Library & Data

Use our Library & Data section to view and download all of our ChinaFAQs fact sheets, graphics, and links to sources for climate and energy data.

Wednesday, November 26, 2014 - 21:01

Key Questions:

  • Q: What did the U.S. and China pledge in their November 11, 2014 joint announcement on climate change?
  • Q: Is it true that under its new pledges, China might avoid doing anything to address climate change until 2030?
    A: No. China will need to take stronger near-term action to meet its commitments and has begun to do so.
  • Q: Is China starting from scratch in trying to fulfill its pledges, or has it already taken steps in this direction?
    A: China is already taking action on multiple fronts to address the climate problem.
  • Q: Do we have reason to believe that China will follow through on its pledges?
    A: Yes. China has already made progress on the low carbon building blocks and has strong reasons of national interest to build on its current efforts.
  • Q: Does it make sense for the U.S. to pursue vigorous action on climate change given China’s commitments?
    A: Yes. China is now at a turning point regarding air quality and climate action, and the two countries can inspire each other and the world to take ambitious steps.
Tuesday, June 24, 2014 - 16:20

Key Points:

  • China has been experimenting with many different policies to control carbon and energy intensity
  • By updating building codes to international best practices, China could save in 20 years an equivalent of the amount of CO2 that would be emitted by 15 large coal fired power plants over 20 years.
  • If China continues to improve fuel efficiency standards at its current rate, it will save the equivalent of the amount of CO2 that would be emitted by 10 large coal fired power plants over 20 years.
  • By expanding from pilots to a national level policy, the use of environmental priorities in selecting what electricity sources to use to respond to increased demand could significantly reduce coal use in the power sector.
Thursday, May 22, 2014 - 17:39

Key Points:

  • China has a long term target to reduce the carbon intensity of the economy by 40-45% from 2005 levels by 2020
  • China also has binding targets to reduce energy intensity by 16% from 2010 levels by 2015 and carbon intensity by 17% from 2010 levels by 2015
  • China has a target to reduce coal consumption as a percentage of primary energy to below 65% by 2017
  • China has ambitious targets for renewable energy in 2015, 2017, and 2020
Tuesday, May 13, 2014 - 16:56

Key Points:

  • Currently, China gets about 9% of its total primary energy from non-fossil sources. Official targets aim to increase the share of primary energy from non-fossil sources to at least 11.4% in 2015 and 15% in 2020.
  • Hydropower: China currently has the largest hydropower capacity in the world, with about 229 gigawatts (GW) currently, and a target of 290 GW for 2015.
  • Wind Power: China ranks 1st in the world in installed wind power capacity, with about 89 GW. China is also the world’s fastest-growing installer of wind, and it aims to have 100 GW of wind installed by 2015.
  • Solar: China is also attempting to dramatically scale up solar power, planning to have at least 35 GW of installed solar by 2015, and currently has around 19 GW installed.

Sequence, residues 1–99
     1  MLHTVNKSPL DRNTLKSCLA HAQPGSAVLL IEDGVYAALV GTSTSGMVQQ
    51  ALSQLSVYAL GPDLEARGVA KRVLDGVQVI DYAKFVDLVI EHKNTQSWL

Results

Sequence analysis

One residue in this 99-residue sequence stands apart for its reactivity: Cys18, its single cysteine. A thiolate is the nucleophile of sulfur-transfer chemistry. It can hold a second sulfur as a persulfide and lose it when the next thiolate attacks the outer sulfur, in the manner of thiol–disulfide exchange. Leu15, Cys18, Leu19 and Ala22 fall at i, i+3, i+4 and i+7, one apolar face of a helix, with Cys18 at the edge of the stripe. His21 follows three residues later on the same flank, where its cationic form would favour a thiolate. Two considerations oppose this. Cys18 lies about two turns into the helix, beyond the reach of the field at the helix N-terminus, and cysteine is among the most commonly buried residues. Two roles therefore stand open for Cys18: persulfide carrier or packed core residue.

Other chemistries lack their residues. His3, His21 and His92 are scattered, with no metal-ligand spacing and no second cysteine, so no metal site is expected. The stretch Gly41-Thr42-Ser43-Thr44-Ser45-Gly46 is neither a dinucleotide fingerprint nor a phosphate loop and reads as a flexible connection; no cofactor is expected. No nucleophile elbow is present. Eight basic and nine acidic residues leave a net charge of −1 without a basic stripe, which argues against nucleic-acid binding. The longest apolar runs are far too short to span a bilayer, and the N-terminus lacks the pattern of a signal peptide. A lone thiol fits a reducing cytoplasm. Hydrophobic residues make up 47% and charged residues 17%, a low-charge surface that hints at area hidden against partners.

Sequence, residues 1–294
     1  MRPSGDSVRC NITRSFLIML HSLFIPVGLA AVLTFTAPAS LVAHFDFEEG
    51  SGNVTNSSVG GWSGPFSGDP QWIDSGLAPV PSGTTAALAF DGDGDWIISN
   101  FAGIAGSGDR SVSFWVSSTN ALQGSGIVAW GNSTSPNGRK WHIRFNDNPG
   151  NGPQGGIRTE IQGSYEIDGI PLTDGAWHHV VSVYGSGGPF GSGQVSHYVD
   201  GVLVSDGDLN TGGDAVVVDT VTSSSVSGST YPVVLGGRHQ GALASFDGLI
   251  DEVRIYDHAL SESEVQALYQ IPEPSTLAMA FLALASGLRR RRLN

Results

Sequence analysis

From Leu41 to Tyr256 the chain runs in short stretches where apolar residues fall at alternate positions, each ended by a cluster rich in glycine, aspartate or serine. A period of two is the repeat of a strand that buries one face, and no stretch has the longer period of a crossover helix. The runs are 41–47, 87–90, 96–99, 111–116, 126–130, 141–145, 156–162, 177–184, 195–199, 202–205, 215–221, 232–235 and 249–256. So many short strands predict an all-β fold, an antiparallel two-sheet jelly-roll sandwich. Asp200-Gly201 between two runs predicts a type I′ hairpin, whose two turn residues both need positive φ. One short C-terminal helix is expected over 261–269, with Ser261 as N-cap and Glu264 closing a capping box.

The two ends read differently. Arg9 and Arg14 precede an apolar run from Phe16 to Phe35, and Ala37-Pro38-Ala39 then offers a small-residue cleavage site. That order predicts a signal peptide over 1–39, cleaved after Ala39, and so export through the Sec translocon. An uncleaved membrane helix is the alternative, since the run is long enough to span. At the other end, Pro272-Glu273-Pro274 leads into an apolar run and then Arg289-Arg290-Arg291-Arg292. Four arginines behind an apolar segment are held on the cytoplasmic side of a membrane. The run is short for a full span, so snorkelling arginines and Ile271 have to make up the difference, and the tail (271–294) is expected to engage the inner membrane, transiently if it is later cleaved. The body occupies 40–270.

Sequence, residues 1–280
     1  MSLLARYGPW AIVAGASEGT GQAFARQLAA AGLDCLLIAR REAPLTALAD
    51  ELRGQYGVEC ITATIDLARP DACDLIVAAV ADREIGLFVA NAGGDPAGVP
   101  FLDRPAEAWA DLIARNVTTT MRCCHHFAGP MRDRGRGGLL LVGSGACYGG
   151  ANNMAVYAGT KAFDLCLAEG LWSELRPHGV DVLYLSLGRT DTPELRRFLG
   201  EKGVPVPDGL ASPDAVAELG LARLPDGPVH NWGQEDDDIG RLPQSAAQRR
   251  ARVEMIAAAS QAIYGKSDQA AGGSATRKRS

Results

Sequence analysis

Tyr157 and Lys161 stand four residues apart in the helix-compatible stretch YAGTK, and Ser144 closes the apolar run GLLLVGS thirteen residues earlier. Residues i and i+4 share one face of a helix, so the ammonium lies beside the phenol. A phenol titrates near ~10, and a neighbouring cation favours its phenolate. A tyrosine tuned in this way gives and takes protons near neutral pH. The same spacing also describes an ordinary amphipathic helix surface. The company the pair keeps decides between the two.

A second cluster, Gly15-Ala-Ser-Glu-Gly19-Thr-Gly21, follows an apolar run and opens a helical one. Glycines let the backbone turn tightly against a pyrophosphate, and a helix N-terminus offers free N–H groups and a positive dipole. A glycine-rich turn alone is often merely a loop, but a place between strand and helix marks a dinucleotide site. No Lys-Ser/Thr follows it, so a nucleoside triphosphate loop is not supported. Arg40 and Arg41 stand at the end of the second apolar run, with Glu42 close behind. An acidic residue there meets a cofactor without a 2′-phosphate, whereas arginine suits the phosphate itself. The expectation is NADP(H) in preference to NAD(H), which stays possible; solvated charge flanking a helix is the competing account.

• Investment: China was the number one investor in renewable energy in 2013, accounting for nearly a fifth of global investment.
Sunday, May 11, 2014 - 14:42
Fact Sheets
Thursday, December 19, 2013 - 14:00

Key Points:

  • A U.S.-Chinese team led by the Harvard China Project has developed a comprehensive framework for evaluating the economic and environmental costs and benefits of national policies to control air pollution and CO2 emissions in China.
  • Contrary to some perceptions of Chinese inaction on air pollution, China’s SO2 control policy of 2006-2010 may have been one of the most swiftly successful air pollution policies on record judged by key criteria: sulfur emissions fell sharply and prevented as many as 74,000 premature deaths from fine particle (PM2.5) air pollution in 2010 alone, all at little economic cost.
  • Looking to the future, a modest tax on carbon dioxide, starting small and rising to about $6.50 per ton in 2020 (in 2007 dollars), could lead to a 19% reduction in China’s CO2 emissions in 2020 compared to a scenario with no tax, with little effect on GDP growth and consumption over the long run.
  • Such a carbon tax would also deliver powerful ancillary benefits: reduced concentrations of an array of domestic air pollutants and prevention of as many as 89,000 premature deaths a year by 2020.
Tuesday, July 16, 2013 - 10:51

Key Points

  • Currently, China gets about 9% of its total primary energy from non-fossil sources. Official targets aim to increase that share to at least 11.4 % in 2015 and 15% in 2020.
  • Solar Power: China is the world’s largest producer and exporter of solar cells (PVs).
Wednesday, July 10, 2013 - 08:26

CAIT is WRI’s Climate Analysis Indicators Tool – an information and analysis tool on global climate change. It provides a comprehensive and comparable database of greenhouse gas emissions data (including all major sources and sinks) and other relevant indicators. CAIT can be used to analyze data questions and to support policy decisions made under the UNFCCC and other fora.

Data Source
Wednesday, July 3, 2013 - 10:08
“Large scale cooperative action – is more critical than ever. Such action is crucial both to contain climate change and to set the kind of powerful example that can inspire the world.”
-Joint U.S.-China Statement on Climate Change, April 13, 20131